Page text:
Gai mei bao is my favorite baked bun. There, I said it. I love a good pineapple bun as much as the next person, but I’m in the minority that enjoys a buttery, coconut-heavy cocktail bun a little more. Cocktail buns originally were created as a way for bakers to salvage day-old buns. The stale buns were ground into crumbs, then mixed with sugar and shredded coconut as a filling for fresh dough (like a“cocktail” of bakery leftovers). Nowadays, bakers make the filling fresh.
Serve hot, warm, or cold. You can double this recipe and make it in a medium (10-inch) skillet. Don’t be alarmed by the quantity of oil and salt; most of it will be drained away. Save the strained oil in the fridge for future tortillas or low-temperature cooking, like sweating vegetables. Have a quick tapas party by serving the tortilla alongside canned fish, salad, crusty bread, and lots of wine.
Soleil thinks of this oil as an elemental building block kind of seasoning. Think about drizzling it on sticky rice or rice noodles. It’s fantastic on grilled sweet corn, any grilled protein, or vegetable. And in the tradition of Soleil’s family, brush it on a freshly grilled baguette and eat it grill side while watching what’s cooking on the fire!
When I hear people say they don’t like buckwheat, I inevitably think, “That’s because you’ve never had my buckwheat pancake.” At Friends & Family, our baked buckwheat pancake is a fan favorite. We warn customers that their order will take up to 20 minutes, but the prospect of waiting doesn’t deter them. Thicker and more filling than a regular flapjack, one buckwheat pancake is enough for me. You could make these entirely with buckwheat flour, but I use some all-purpose flour for a more balanced flavor profile. The pancake is finished in the oven, which imparts a dreamy fluffiness and a crispy exterior. Starting the pancake on the stove allows for an evenly brown, crispy layer, while finishing it in the oven promotes the batter in the center to rise and gel into a light and airy pancake. Once you get the hang of this technique, it’s possible you won’t make pancakes any other way.
This Food IQ recipe for ribs in the oven, the Rodbard way, comes from Matt Rodbard's mom, Cheryl. With the absence of a smoker, the oven is the next best bet for preparing moist, succulent ribs. These ribs utilize a dry rub that adds flavor to the meat before a low-and-slow steam roast, thanks to plastic wrap, that gets the meat to fall-off-the-bone status. This recipe calls for the use of your favorite barbecue sauce, be it homemade or a bottle pulled from the grocery store shelf. Bulls-Eye is the Rodbard family favorite.
Chelo means “plain steamed rice” in Farsi, whereas polos are rice dishes with other ingredients folded in, like pilafs—I included a few variations of these.
If there’s one piece of equipment you’ll see in every Persian household, it’s a nonstick pot. Although I almost never use nonstick cookware, for this recipe, it’s essential. It makes life easy when you want to serve the rice on a platter, or flip and invert it for easy release. Trust me and pay the money to invest in that peace of mind.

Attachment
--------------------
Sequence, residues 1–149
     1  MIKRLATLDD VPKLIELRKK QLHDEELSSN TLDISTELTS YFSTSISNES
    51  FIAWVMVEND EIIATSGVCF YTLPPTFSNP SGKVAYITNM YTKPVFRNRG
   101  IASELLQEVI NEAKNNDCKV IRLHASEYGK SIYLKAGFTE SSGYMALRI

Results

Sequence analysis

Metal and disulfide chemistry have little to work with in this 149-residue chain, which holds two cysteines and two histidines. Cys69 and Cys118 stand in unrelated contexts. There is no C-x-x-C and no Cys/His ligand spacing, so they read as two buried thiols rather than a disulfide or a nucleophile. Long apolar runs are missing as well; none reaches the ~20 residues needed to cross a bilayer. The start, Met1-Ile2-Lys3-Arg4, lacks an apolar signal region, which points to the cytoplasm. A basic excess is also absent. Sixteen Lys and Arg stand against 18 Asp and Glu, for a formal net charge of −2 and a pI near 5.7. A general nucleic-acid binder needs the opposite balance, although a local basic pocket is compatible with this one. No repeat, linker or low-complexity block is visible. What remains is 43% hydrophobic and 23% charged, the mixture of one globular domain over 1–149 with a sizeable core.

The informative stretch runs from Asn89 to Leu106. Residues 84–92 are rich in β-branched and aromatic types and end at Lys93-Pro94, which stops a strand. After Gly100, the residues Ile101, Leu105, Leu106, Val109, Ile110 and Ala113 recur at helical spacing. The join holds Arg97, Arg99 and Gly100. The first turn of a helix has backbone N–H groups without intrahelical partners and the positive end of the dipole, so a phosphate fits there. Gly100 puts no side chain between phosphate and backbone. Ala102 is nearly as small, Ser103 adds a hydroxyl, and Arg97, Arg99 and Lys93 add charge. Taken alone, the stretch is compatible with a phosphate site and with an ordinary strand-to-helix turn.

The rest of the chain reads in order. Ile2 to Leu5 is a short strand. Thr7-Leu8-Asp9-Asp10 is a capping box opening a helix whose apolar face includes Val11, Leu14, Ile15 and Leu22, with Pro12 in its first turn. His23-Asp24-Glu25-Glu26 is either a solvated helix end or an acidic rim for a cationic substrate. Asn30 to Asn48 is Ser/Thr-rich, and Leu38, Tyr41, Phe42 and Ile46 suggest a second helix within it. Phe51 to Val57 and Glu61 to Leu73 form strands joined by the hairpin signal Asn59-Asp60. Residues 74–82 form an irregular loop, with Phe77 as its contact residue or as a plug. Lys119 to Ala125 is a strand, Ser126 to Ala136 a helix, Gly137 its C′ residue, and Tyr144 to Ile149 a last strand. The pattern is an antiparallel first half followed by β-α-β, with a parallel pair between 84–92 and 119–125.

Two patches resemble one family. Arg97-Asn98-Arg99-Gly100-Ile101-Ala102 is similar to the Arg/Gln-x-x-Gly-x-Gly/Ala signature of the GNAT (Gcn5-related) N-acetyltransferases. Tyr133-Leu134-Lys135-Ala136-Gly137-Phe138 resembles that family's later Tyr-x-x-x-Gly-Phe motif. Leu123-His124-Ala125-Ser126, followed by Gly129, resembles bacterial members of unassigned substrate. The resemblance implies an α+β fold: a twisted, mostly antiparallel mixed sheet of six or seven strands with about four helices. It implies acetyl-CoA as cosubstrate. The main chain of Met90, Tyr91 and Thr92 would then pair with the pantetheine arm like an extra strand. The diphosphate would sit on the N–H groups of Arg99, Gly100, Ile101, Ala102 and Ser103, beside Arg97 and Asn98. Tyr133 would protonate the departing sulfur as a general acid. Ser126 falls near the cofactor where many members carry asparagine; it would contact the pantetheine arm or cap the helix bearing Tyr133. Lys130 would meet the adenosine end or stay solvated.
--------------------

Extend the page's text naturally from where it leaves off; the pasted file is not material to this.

Priya Krishna’s One recipe is inspired by her colleague and friend, Tejal Rao of the New York Times. In Tejal’s recipe, Roasted Squash With Coconut, Chile and Garlic, squash is the star. But Priya switches up the vegetable, anything from cabbage to potatoes, when she makes this dish, as the main component of the recipe is truthfully the aromatic base of coconut, chili, and garlic. Keep these ingredients on hand and this dish may very well become a treasured staple for you as well.
I was in Durango at a small restaurant in which they served a dish of rajas con crema as a condiment with other assorted salsas and chiles en escabeche. I tasted it and was so completely taken, I kept asking them to bring me more. It was creamy and spicy, with a tiny bit of sweetness from the charred chiles and the onion. The poblanos here in the northern states seem to be hotter than those in the US, so it does read a little more like a hot condiment, but I love the extra heat and am crazy for these rajas as a taco filling or as a side dish for grilled meat or fish. But honestly, I could eat this right out of the skillet wrapped in a warm flour tortilla. This to me is pure comfort food.
Mochiko chicken is Hawai‘i’s own style of fried chicken, distinct for its use of mochiko (sweet rice flour) in the batter, which lends a pleasant bouncy chew in addition to that classic fried chicken crunch. Depending on who’s cooking (and what recipe they’re using), local mochiko chicken can draw influence from Japanese karaage, Korean dak kang jung, and even a little from Southern fried chicken.
I served this cocktail for my husband Michael's fortieth birthday party. He was born on June 27, 1969, which is the night when activists like Marsha P. Johnson and Sylvia Rivera clashed with the police during a raid of the Stonewall Inn, the famous gay bar in New York City's Greenwich Village. This date is regarded as a watershed moment for the LGBTQIA civil rights movement, and so Michael often refers to himself as a "Stonewall baby." While the name of the drink tells the story of the historical significance of the date, the recipe does not. The ingredients are simply Michael's favorites. So no, the drink is not rainbow-colored, nor do any of the ingredients relate to the Stonewall Riots. It's simply a modified bourbon sour.
This drink is somewhat similar to the Preserves Sour, with the addition of 1/4 ounce of simple syrup, which softens some of the acidity, as well as a dash of bitters, which provides aromatic complexity.